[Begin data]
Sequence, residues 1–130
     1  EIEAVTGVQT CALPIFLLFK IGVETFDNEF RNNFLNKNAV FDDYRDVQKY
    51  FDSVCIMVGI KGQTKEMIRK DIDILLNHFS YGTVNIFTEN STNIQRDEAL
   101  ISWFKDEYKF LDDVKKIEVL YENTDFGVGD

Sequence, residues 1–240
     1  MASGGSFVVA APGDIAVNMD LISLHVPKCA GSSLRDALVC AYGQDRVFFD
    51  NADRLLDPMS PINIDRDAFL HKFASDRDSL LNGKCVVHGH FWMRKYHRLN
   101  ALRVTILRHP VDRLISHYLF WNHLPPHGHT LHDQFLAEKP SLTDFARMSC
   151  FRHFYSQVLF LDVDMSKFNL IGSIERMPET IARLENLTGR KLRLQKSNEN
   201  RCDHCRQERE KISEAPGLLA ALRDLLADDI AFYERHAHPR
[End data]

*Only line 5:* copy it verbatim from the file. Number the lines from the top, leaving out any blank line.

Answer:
Sequence, residues 1–240